GPRS and Wi-Fi and everything that works now. You would have to s-boxes here to 4-bit s boxes for example plugging into one 8-bit permutation box So the outputs of these get jumbled about a mixed up here the way an SP network works is it? looks a lot more rounded you have some of questions and things actually these numbers were chosen 3/16 5/16 or 1/16 7/16

100 thoughts on “Packet Radio (Post Apocalyptic Internet?) – Computerphile

  1. Nice! Used AX25 during the 1980 to connect to the DX-cluster via 2m band, not to block the phone line. 73 and thanks for the demo de SM0IHR/Anders

  2. I remember seeing this being used in the 90's to upload mail to the mir space station as it flew overhead, so that it could drop the mail off over the US. Using a handheld PDA (with a RS-232 serial port), a external KISS modem (TNC about the size of a packet of cigarettes) and a walkie talkie.

    It is extremely powerful, but not all that fast, because for experimentation which is what the amateur bands should be for, the speed is not all that important.

  3. For a couple of decades starting in the 80's e-mail over packet radio was the reliable way to get a message to another ham radio operator. Even the Space Shuttle and the Russian space station Mir used it. It was a lifeline for cosmonauts when they were stranded on Mir during the revolution in the 80's. Hams uploaded current news of the situation so they were able to keep informed during the crisis.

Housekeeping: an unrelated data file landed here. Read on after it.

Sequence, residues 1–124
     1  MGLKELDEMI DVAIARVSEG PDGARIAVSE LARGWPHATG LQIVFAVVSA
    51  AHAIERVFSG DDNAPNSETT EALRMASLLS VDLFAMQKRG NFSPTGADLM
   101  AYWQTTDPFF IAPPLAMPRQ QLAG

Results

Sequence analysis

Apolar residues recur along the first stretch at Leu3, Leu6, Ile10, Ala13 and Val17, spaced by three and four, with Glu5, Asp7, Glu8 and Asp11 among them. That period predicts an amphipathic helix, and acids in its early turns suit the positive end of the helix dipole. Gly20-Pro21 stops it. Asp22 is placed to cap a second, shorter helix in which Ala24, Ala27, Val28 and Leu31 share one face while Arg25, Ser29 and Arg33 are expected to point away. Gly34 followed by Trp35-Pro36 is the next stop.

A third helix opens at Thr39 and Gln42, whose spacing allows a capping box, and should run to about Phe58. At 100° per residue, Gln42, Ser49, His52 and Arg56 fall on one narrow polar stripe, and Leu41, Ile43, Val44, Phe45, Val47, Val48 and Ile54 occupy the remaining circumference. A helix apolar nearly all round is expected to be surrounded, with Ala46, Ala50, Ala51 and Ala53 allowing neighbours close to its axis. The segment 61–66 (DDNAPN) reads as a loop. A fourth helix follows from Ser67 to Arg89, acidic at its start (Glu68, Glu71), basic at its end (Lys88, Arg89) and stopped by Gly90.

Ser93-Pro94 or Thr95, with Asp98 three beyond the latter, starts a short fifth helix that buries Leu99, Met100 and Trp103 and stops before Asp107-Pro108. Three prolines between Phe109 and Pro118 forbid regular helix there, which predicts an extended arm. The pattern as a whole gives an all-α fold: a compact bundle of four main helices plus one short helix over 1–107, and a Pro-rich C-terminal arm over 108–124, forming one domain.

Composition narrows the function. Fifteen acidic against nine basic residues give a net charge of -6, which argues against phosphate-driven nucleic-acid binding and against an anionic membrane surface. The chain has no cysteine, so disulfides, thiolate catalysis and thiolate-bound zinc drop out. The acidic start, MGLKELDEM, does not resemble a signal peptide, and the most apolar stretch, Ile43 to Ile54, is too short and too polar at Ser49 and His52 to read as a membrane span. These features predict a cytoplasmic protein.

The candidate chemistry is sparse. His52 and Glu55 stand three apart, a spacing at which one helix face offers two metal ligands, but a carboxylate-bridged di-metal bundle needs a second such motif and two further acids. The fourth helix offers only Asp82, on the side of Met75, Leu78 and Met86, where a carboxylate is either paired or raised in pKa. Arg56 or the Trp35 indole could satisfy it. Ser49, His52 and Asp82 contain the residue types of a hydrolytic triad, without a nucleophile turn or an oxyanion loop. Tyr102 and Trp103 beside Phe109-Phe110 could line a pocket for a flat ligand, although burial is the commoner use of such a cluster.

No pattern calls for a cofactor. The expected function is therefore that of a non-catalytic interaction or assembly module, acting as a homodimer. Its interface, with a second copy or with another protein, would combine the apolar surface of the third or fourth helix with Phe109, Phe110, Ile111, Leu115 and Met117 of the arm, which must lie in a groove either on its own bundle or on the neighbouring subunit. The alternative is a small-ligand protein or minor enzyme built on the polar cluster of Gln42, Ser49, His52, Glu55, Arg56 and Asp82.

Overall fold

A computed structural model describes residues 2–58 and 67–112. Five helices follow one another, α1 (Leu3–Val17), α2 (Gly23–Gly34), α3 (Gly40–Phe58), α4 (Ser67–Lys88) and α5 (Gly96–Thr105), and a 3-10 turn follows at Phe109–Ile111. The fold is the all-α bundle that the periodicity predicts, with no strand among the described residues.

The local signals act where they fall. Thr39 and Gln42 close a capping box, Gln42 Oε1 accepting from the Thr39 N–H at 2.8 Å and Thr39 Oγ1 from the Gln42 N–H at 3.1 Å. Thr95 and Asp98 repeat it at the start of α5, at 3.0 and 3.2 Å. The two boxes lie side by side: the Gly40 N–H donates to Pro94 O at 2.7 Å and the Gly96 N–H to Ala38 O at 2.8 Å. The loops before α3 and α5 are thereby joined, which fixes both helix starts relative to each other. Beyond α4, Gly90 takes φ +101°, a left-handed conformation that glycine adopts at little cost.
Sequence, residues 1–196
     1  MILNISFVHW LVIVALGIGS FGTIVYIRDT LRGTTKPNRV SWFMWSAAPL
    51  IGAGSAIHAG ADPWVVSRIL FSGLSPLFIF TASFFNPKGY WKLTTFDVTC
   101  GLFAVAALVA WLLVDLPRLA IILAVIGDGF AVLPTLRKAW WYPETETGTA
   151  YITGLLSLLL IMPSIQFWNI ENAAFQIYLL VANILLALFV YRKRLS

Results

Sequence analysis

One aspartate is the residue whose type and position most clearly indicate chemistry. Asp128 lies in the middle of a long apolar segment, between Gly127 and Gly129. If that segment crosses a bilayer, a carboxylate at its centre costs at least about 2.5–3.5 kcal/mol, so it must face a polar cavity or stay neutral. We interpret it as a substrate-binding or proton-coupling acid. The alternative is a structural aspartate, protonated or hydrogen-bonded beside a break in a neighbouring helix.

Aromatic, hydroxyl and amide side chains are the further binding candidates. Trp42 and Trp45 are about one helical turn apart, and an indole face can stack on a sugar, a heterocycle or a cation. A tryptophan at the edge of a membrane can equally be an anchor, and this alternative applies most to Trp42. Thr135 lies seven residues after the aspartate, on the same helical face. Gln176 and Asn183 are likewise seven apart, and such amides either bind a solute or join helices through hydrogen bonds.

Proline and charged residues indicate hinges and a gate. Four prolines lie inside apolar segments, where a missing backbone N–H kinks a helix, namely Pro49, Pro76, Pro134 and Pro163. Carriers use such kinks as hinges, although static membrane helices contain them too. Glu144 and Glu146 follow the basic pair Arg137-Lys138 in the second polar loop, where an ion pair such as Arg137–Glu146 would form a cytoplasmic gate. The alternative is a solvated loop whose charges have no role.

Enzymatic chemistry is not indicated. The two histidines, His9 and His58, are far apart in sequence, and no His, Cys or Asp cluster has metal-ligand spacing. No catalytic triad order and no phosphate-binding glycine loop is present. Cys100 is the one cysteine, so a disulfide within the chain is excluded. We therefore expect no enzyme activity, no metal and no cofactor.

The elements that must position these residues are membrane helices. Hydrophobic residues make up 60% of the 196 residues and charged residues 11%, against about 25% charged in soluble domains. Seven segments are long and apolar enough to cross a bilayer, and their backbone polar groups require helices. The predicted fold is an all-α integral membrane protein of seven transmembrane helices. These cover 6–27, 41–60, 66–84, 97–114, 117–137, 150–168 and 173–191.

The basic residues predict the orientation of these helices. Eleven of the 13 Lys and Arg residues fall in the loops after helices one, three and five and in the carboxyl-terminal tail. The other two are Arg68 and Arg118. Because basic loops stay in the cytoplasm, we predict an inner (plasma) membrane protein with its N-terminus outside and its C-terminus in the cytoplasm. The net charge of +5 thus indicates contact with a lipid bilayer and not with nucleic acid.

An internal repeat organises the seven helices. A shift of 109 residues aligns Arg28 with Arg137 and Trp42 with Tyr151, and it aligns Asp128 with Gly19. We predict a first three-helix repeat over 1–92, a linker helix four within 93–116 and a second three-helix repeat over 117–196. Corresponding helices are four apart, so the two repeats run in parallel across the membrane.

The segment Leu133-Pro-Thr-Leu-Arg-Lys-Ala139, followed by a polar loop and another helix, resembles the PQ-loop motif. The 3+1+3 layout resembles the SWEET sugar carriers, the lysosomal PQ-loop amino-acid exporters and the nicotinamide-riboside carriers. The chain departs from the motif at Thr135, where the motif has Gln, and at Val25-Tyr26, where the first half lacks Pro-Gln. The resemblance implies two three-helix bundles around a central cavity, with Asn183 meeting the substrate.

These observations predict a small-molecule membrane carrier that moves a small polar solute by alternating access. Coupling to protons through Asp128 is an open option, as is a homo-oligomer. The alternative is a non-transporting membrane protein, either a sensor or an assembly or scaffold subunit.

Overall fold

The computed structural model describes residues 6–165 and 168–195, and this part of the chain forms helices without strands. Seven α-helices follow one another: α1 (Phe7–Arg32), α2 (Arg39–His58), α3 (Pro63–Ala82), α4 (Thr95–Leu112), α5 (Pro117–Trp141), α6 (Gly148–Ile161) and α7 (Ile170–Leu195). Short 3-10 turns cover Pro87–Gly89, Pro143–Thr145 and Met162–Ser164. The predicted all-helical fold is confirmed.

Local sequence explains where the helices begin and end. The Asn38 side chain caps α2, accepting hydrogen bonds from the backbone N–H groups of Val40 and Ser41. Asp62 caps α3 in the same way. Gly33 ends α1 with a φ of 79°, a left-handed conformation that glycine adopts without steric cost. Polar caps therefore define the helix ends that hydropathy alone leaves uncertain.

4. Mr Jackson, I'd love to see a demonstration like this done for DMR. Where the radio talks to the repeater, ties into the internet, then back to the repeater, and finally to the radio. I know it works, just not sure how…(I spoke with a gentleman in London from here in NC) I suppose DMR owes it's existence to packet radio… Excellent explanation sir!!! KM4EVI Lenoir NC USA

  5. Yeah packet radio! My dad used to do that with his friends in his radio club. Internet 0.5 at least as I learned it. It was a niche back then. Of cause there was already phone/modem based internet. But this was free-ish. He needs a radio operator license.